The prospect of Romania and Bulgaria joining the passport-free Schengen area appears to be dimming ahead of a key vote in Brussels, where their fate rests on a unanimous endorsement.
At least two member states – Austria and the Netherlands – have expressed their opposition to Bulgaria’s accession and, in the Austrian case, also to Romania’s.
Both candidates have been waiting to join Schengen since 2011 when the European Commission first said they were ready to become members, a view shared by the European Parliament.
Croatia, however, seems to be better positioned to become part of Schengen, as no country has voiced a negative opinion about its readiness.
Schengen enables cross-border travel without the need to carry a passport or pass through border controls. It currently encompasses 26 countries, including 22 EU states, and almost 420 million citizens.
EU interior ministers will debate and vote on the three bids this Thursday, during a high-stakes meeting chaired by the Czech Republic, the current holder of the EU Council’s presidency.
“Bulgaria, Romania and Croatia have been thoroughly investigated and the outcome is that they fulfil all the requirements to be part of Schengen,” Ylva Johansson, European Commissioner for home affairs, said on Monday morning, when asked about the upcoming vote.
Johansson’s comments echoed an assessment issued last month by the executive, which found the three candidates have “strongly” proven they meet all the necessary requirements, including the management of external borders and efficient police cooperation.
But not everyone shares the Commission’s optimistic view.
Austrian Chancellor Karl Nehammer and his interior minister, Gerhard Karner, have recently questioned Schengen’s ability to cope with a new influx of asylum seekers.
The country is expected to receive more than 95,000 asylum requests this year.
“We are under enormous pressure from irregular migration, even though we are a landlocked EU country and not an external border country,” Nehammer said last month. “The European asylum system has failed.”
According to Nehammer, around 40% of the migrants who arrive in Austria do so after crossing through Turkey into Bulgaria and Romania – to then travel through Hungary, a Schengen state.
“The Schengen expansion will not take place like this,” the Chancellor said.
“We will support Croatia’s path into the Schengen area,” he added. “Countries are voted on individually.”
Romanian President Klaus Iohannis, which hails from the same right-centre political family as Nehammer, challenged these claims, arguing his country was not part of the so-called Western Balkan route, which has seen more than 120,000 border-crossing incidents this year alone.
“There was not, there is not and there will not be an uncontrolled migratory flow through Romania,” Iohannis said last month.
But according to the Austrian Interior Ministry, the “disproportionate” migratory pressure inside the country should be a reason for postponing Schengen enlargement.
Spat over €50 bill
Meanwhile, a similar picture emerges in the Netherlands.
Following a meeting of the Council of Ministers on Friday, the Dutch government decided to support the Schengen accession of Romania – but not Bulgaria’s.
Prime Minister Mark Rutte said his country still had concerns over Bulgaria’s rule-of-law situation and fight against corruption, and that its Schengen admission could take place “sometime next year.”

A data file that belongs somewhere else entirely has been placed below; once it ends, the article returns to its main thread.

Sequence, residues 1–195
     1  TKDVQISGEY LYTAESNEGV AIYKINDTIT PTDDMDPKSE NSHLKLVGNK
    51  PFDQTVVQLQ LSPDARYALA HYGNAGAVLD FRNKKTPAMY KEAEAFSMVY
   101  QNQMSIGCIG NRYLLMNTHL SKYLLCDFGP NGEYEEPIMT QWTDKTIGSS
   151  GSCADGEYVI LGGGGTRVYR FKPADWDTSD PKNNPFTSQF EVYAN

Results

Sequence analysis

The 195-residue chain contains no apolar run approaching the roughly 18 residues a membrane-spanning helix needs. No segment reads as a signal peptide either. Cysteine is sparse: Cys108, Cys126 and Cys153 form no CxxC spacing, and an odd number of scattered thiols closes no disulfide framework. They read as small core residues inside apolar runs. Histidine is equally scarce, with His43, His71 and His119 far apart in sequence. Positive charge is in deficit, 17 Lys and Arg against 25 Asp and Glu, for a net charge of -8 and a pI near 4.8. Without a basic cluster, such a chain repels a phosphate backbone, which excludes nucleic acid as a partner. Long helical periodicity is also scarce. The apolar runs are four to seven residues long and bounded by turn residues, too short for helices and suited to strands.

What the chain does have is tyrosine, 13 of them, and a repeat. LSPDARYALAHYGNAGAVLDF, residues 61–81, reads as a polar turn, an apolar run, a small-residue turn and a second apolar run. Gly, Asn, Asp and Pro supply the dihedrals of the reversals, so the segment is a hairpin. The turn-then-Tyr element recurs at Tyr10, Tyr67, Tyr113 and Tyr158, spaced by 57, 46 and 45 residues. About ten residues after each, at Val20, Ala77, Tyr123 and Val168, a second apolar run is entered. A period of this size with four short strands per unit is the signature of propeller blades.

Rutte then questioned Bulgaria’s ability to police its external borders and implied migrants could illegally cross the country’s border if they paid €50 for the transaction.
“I’m not saying it will happen, but I want to have explicitly established that it will not happen,” he said.
The remark incensed Bulgarian President Rumen Radev, who lashed out against Rutte.
“Recently three Bulgarian policemen were killed, protecting the external (European) border,” Radev wrote on Twitter.
“Today, PM Mark Rutte unacceptably suggested that one could cross this border for 50 euros. Instead of receiving European solidarity, Bulgaria receives cynicism!”
In a phone call with Rutte, Radev said member states should be “guided by the established criteria for Schengen membership and not by other considerations,” according to Bulgarian media.
The European Commission has said it has no information about any €50 border-crossing fee. The executive insists that both Bulgaria and Romania have clearly demonstrated their ability to patrol external borders.
“It’s a myth and it’s unfair to project the argument that Schengen enlargement is about less control,” Commission Vice-President Margaritis Schinas said on Monday. “It’s about more controls and better controls.”
A spokesperson from the Dutch Interior Ministry later confirmed to Euronews the country’s opposition to Bulgaria’s Schengen bid.
The resistance from Austria and the Netherlands comes mere days after the Swedish government managed to gather enough votes in the parliament to support the two accession bids. This was made possible when the Social Democrats (SD), the country’s largest party, lifted their opposition.
Sweden was considered one of the few countries still against Schengen enlargement.
But the need for unanimity means that one single “no” can scupper the whole agreement.
Diplomats say a negative conclusion should not be taken for granted and that positions might still shift before the key vote on Thursday, despite the on-the-record comments. It is unclear if the Romanian-Bulgarian applications, which have always been treated as a joint bid, could be de-coupled during the vote.
“We still have our hopes,” said a senior diplomat, speaking on condition of anonymity due to the sensitivity of the issue. “We will do our best to have a good result.”
This piece has been updated to include new reactions.
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